Friday, January 2, 2009

Women bishops: get over them

Opinon piece in the guardian writen by an ordained woman

When I was ordained a deacon in 1992, a few months before the historic vote on women priests, I was like most people shortly to be ordained: overly anxious and overly serious. Added to that I had recently finished my doctorate on an aspect of the English Reformation. This meant, unlike most Anglican ordinands, I had actually read the 39 Articles to which one must assent before being ordained in the Church of England. I had scruples.

I told my diocesan bishop that although most of the thirty-nine were fine, one or two were a real problem. Article 37 for example, endorses capital punishment, a position I find incompatible with the Christian gospel – a fact that seems to have been overlooked (or has it?) by those who wish to impose the Articles as a touchstone of orthodoxy and morality on the whole of the Anglican Communion. I received from my bishop just the right response for the occasion: he told me that by 'assent', I was saying 'Yes bishop, those are the 39 Articles'. His pastoral, intelligent and humane response to my somewhat precious scrupling carried me through the day.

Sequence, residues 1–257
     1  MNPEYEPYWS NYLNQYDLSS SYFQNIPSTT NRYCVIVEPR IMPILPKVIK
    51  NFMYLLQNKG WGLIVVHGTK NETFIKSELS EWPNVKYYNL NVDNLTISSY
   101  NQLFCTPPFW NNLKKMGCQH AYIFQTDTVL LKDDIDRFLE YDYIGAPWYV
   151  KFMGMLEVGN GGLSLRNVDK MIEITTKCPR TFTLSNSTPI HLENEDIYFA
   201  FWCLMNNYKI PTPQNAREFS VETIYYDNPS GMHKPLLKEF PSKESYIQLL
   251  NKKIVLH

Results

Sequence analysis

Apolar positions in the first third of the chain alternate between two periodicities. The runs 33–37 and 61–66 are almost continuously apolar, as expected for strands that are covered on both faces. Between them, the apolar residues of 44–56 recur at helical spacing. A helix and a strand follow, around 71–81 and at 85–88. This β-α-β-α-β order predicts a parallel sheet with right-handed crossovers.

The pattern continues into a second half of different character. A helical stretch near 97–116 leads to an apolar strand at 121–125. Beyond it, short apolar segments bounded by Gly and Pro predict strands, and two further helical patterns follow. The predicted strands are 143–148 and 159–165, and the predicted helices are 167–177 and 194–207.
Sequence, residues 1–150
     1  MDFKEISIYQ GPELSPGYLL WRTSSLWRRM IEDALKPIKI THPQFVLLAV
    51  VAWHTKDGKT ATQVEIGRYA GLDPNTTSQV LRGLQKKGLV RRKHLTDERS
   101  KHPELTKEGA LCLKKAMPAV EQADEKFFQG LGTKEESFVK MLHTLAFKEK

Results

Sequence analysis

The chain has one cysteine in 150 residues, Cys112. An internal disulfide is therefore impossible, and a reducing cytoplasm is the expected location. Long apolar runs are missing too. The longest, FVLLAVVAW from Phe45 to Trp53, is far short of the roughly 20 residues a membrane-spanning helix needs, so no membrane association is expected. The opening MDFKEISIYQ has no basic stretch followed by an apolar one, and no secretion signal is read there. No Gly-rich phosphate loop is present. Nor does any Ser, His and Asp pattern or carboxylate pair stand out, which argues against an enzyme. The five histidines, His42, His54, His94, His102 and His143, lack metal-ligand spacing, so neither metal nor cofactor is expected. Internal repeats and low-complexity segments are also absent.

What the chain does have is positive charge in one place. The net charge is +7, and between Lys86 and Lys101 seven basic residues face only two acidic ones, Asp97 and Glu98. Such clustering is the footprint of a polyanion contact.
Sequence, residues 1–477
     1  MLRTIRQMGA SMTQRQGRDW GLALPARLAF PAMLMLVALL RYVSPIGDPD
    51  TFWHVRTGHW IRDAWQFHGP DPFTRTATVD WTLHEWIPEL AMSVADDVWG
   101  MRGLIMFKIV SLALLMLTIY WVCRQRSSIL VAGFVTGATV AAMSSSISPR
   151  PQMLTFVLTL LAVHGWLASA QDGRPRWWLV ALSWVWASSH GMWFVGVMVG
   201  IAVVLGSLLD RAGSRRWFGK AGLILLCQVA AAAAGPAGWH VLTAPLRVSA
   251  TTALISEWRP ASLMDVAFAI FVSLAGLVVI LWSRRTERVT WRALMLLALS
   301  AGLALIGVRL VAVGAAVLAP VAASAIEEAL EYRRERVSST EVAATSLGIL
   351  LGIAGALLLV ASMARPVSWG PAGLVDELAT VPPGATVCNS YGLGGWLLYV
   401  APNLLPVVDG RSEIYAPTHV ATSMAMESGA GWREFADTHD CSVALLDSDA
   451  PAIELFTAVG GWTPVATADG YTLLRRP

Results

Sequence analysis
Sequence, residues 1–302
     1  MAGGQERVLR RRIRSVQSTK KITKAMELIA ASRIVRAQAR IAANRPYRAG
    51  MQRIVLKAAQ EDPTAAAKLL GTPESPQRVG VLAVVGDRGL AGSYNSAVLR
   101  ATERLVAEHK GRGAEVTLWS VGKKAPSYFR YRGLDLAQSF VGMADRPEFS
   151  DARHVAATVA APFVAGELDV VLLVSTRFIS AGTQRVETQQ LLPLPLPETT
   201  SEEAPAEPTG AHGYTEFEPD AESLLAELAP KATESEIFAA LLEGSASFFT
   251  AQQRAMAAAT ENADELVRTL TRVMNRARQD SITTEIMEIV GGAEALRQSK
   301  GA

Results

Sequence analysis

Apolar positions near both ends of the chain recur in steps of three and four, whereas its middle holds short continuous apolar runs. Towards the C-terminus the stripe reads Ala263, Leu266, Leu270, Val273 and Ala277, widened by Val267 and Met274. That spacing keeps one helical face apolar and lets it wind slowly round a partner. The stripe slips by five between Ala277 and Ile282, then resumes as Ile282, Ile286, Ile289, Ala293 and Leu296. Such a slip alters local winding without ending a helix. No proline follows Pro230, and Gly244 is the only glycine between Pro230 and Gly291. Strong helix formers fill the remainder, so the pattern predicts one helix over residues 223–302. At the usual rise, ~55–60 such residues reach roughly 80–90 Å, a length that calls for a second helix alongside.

The draft legislation to consecrate women as bishops published on Mondayand the supporting documentation makes a great deal of Anglicanism's gift for holding together diverse, at times, contradictory points of conviction in a wider context of pastoral common sense. Often derided by others for this as the fudge producers extraordinaire of Christianity, we Anglicans tend to make a virtue of it and if it makes us less prone to witch-hunts and the gleeful doctrinal purges of the purity police, I'm all for it. Human beings, let alone God, are rather complicated.

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